Feedback changes during the process. At the beginning of a several-week behavior-change initiative, feedback would usually be longer and more conversational. Observer Ann might say to her co-worker John, “I noticed you weren’t wearing goggles. Is there a fogging issue or some other problem?”

Some days into the exercise, the feedback might be as simple as Ann’s thumbs-up gesture upon observing John wearing goggles. Or, if he is not wearing them, Ann might just point to her eyes to convey the message.

Because observations are conducted so frequently, it’s not practical to provide feedback on each occasion. Rather,Agnew suggests that it be offered:

  • If a worker is in imminent danger; 
  • When the worker performs the safe behavior for the first time; 
  • When a worker has made recent improvements; 
  • When a worker has been struggling to change a habit; 
  • When the safe behavior is performed in a difficult situation; and 
  • If the observer notices barriers to the safe behavior.

Stage Four: Reinforcement

Consequences, both positive and negative, drive behavior. According to Agnew, “positive reinforcement is a desirable consequence that follows a behavior and increases its frequency in the future.” In a workplace context it exists in various forms.

Self-reinforcement. This is the internal recognition experienced by an individual who is using safe behaviors and making them a habit.

Natural reinforcement. These are natural occurrences that result from the changed behavior. For example, working with better body mechanics feels better than working in a cramped, awkward position. Or a safe behavior might get the job done faster, another natural reinforcer. In the process used by Aubrey Daniels International (ADI), an Atlanta-based consulting firm, these are known as positive, immediate, certain consequences, or PICs.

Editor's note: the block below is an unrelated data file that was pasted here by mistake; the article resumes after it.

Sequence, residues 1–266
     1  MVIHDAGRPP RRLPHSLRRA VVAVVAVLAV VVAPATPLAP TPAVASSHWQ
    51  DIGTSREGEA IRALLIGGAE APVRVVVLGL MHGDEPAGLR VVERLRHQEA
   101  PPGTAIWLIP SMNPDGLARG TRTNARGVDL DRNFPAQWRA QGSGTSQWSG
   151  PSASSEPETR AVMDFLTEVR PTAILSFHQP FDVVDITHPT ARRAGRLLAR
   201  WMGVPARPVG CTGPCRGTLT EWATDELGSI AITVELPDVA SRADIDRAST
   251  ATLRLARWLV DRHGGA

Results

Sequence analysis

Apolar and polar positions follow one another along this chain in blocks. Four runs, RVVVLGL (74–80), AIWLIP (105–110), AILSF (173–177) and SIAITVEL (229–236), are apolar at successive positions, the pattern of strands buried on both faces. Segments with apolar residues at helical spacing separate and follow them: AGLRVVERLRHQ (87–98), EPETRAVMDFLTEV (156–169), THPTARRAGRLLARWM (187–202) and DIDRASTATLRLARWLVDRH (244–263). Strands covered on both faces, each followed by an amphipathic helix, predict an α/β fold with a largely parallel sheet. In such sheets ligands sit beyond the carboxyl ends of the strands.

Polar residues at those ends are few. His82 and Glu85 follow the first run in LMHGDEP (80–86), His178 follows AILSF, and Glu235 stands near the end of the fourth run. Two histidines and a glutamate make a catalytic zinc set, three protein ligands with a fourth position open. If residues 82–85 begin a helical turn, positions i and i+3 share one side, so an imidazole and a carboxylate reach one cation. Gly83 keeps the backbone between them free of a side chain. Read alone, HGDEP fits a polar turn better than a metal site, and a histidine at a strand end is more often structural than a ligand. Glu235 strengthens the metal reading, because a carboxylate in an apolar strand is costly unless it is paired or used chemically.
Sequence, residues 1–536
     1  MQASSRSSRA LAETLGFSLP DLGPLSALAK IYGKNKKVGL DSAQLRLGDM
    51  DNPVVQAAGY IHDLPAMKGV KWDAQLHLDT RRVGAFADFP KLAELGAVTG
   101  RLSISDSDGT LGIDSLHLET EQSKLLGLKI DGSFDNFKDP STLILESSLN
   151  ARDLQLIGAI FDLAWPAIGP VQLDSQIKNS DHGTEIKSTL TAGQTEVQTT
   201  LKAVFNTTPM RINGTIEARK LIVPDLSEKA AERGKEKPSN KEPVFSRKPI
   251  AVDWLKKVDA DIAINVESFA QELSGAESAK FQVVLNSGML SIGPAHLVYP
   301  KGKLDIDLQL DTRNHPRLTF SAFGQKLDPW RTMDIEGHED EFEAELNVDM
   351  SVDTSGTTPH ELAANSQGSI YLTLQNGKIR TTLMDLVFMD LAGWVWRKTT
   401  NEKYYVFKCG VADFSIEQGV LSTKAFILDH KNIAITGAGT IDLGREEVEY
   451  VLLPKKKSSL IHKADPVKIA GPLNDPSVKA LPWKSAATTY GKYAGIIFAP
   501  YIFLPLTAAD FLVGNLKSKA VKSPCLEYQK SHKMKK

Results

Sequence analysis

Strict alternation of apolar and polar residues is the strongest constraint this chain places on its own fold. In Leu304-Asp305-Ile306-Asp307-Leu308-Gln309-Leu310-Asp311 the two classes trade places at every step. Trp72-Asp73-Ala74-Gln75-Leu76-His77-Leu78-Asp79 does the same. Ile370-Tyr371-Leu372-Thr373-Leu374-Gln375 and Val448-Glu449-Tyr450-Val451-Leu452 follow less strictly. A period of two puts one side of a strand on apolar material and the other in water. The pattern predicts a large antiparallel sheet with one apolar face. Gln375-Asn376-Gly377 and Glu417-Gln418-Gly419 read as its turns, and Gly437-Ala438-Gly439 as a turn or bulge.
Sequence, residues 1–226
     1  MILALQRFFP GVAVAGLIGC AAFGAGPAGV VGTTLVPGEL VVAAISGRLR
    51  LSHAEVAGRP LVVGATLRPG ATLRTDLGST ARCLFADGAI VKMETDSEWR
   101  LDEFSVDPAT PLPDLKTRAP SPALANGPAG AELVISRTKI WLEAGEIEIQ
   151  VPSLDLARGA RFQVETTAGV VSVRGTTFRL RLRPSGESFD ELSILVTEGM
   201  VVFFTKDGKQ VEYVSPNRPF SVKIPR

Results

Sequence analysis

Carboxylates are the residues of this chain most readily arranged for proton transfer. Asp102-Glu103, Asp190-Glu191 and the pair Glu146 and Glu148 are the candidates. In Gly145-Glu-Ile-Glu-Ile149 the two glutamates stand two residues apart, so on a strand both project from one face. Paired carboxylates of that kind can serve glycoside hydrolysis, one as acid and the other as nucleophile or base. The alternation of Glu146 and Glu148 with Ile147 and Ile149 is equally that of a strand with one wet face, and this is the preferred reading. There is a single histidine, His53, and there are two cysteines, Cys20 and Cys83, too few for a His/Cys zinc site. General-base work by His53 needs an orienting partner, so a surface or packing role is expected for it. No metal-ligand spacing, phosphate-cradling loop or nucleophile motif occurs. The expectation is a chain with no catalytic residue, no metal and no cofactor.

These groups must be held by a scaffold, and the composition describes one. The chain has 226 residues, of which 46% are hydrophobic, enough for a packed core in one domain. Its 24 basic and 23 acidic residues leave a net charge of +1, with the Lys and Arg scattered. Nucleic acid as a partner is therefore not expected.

Sometimes safe behaviors do not have naturally positive results. For example, wearing PPE can be hot and uncomfortable. ADI refers to these as negative, immediate, certain consequences (NICs) and seeks to eliminate them. Providing workers with more comfortable gear is one way to counter the NICs associated with wearing PPE.

Social or tangible reinforcers. These are used when it isn’t possible to “undo” the negative natural reinforcement. A social reinforcer can be a simple comment like, “We really appreciate what you’re doing to stay safe.” But managers need to be careful, says Agnew, as some people don’t like to be singled out in public, even for praise. Other social reinforcers are gestures like a smile, nod, or pat on the back; handwritten or e-mail notes; and asking for input with a question like, “How would you handle this?”

Humor. Appropriate humor during the workday is welcomed by most people and conveys a positive message.

Stage Five: Evaluation

Ultimately, behavior-based safety is a data-driven process, explains Agnew. “We teach employees at the hourly level and above to look at the data and see what they tell you.” For example, if a group sees variability in its behavior graph, they are encouraged to identify patterns and causes.

Part of the preparation for participating in behavior-based safety is training in how to read graphs, a skill some employees might not otherwise get on the job. 

This evaluation process is, of course, essential to the success of a behavior-based safety program. Examining the data often reveals important information that’s hard to see any other way.